May is Mental Health Month

  • Published
  • By Capt. Lesley Friedoff
  • 96th Medical Group
Have you ever had "the rug pulled out from under you?"  Have you ever been blindsided by bad news, or maybe realized an important relationship was coming to an end?  Perhaps you've experienced a number of smaller stressors piling up over time? 

These kinds of things seem to happen at the worst possible times. Then again, is there ever really a good time for things like that?  You cannot predict when the rug might get pulled out from under you, and worse yet, sometimes terrible things just happen for no perceivable reason.

It's not necessarily healthy to constantly worry about the unpredictable future because more likely than not, terrible things will not happen.  However, it is also unhelpful to assume you are immune to having the rug pulled out from under you, or unfortunate things only happen to other people.

This type of thinking may lead you to be defenseless when something challenging comes your way. It may also lead you to underestimate your own vulnerabilities, which could prevent you from being proactive.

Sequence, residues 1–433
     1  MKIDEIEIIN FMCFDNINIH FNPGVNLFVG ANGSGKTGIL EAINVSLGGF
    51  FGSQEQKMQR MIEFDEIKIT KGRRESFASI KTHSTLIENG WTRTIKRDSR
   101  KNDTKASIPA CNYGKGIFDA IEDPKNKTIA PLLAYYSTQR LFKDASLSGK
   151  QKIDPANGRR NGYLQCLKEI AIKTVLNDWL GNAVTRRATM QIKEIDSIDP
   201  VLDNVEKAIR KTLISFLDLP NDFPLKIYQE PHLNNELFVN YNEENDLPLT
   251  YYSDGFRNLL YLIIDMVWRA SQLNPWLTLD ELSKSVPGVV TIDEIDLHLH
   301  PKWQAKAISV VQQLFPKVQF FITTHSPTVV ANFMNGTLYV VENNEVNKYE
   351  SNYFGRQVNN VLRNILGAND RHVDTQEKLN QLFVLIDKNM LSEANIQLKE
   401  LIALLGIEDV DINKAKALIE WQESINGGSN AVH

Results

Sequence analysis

We should take comfort that we have some control over our well-being at any given time.  After all, isn't it easier to manage life stressors when you've slept well every night, had a balanced diet, had a strong social support system, and a number of stress-relieving activities in which you engaged?

I'm sure you can think of times that setbacks were really not setbacks at all because you were in a good place mentally, physically, emotionally, and spiritually.  It is times like these when we are truly at our best... when we're at our most resilient.

In the last few years the Air Force has emphasized resilience. Resilience is described as the personal characteristics and positive coping skills that allow us to bounce back from adversity. 

It's important to understand bouncing back is not just something we do independently. In fact, one of the most important aspects of resilience is early help seeking.

It's about asking for help at the right time.  This can be difficult to do as many of us want to manage things on our own.  However, with that strategy, we risk waiting too long to get help; waiting until things are out of control before reaching out.  I recognize it takes courage to ask for help, but in many instances, assistance from others is what aids us in bouncing back.

Team Eglin has a number of helping agencies available. I urge you to look at the "Helping Agencies" icon on the Eglin AFB website, where you will see many of the resources available to you and how to access them.

Asking for help is resilience.  It is a sign of strength, and it can be the difference between a hopeless dilemma and a workable problem.  Reach out. Let's put the rug back under your feet to give you the traction you need to live the life you want.